“I have never felt comfortable with the horizontally-based arrangement that defines political thinking along a ‘Left’ to ‘Right’ continuum,” wrote Butler Shaffer yesterday in his essay “No Room on the Spectrum.” Added Butler:
“I know this designation arose from the seating order in the old French parliament, but this only adds to our confusion. We have structured our minds to believe that ‘communism’ and ‘fascism’ are polar opposite political systems, and that those desirous of avoiding the vicious ‘extremes’ of either are invited to seek refuge in the safe harbor of the ‘middle’ of the spectrum. In such ways has the state continued to expand its powers, advising the uncritical booboisie to vote for the ‘lesser of two evils.’ ...
“...along the ‘Left/Right’ spectrum are to be found the various franchises of statist behavior that have conspired to plague mankind with the horrible nature of all political systems. The parliamentary origins of this concept ought to have been a tip-off that human freedom was not to be part of the equation defining positions along the spectrum.”
proposes an alternative to the Left-Right spectrum, substituting vertical “up” and “down” designations. With complete individual liberty at the upper end and total statism at the lowest end, the arrangement might be:
- Libertarianism (classical "limited government" liberalism)
- Modern liberalism
- Limited state-socialism
- Expansive state-socialism
Seems to me that if you just knock this vertical model over on its side, with anarchism falling on the far left and both fascism and communism falling on the far right, you’ve got the cleaner, more historically correct Left-Right spectrum championed long ago by Murray Rothbard (“Left and Right: the Prospects for Liberty”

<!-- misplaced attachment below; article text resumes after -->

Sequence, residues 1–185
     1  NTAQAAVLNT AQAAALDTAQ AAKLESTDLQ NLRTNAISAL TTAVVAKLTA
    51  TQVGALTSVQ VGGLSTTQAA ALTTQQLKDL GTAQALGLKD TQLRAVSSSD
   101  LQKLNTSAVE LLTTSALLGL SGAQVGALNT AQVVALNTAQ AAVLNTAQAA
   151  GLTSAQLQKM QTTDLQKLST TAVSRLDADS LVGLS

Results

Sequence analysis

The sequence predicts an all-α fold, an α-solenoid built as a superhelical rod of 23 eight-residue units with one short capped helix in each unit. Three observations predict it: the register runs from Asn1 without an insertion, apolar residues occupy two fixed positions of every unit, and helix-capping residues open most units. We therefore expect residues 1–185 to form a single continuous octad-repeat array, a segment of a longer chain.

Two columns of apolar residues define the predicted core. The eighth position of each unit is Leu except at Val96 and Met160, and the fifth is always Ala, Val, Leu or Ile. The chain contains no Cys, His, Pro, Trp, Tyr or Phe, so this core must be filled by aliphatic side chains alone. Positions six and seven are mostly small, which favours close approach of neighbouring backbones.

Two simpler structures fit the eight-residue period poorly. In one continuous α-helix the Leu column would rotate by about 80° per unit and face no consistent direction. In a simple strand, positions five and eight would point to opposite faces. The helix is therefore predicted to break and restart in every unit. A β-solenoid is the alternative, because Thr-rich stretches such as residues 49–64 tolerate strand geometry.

) and Karl Hess (Dear America
’s vertically-described system is appealing. It reminds me of my old friend, author-teacher-futurist F.M. Esfandiary (aka FM-2030).
Years ago, F.M. used to hold wonderful Rothbard-like salons at his Westwood apartment near UCLA that would always run into the wee hours. The conversations were civil and mind-expanding. The wine and food were top-notch. F.M. died five years ago. I miss him and
Anyway, in the 1970s, F.M. wrote a trilogy of nonfiction books on the future, all of them now unfortunately out of print. The middle tract, published in 1973, was titled Up-Wingers: A Futurist Manifesto
. In that book, F.M. explained that Right and Left were “traditional frameworks predicated on traditional premises striving in obsolete ways to obtain obsolete goals.” In an era of rapid technological, scientific, medical, and cultural breakthroughs, the liberal and radical Left were the “new gradualists — the new conservatives.” He wrote: “I stress the point because this liberalism and Left radicalism masquerading in the name of progress are putting up the strongest resistances to the newest breakthroughs.” These breakthroughs “are outside the range of all the traditional philosophical social economic political frameworks. These new dimensions are nowhere on the Right or on the Left. These new dimensions are Up.”
Maybe we anarchists should
follow Butler Shaffer's advice, adopt an Up-Down philosophical model, and start referring to ourselves as Up-Wingers
. Wouldn't that
draw attention to our movement?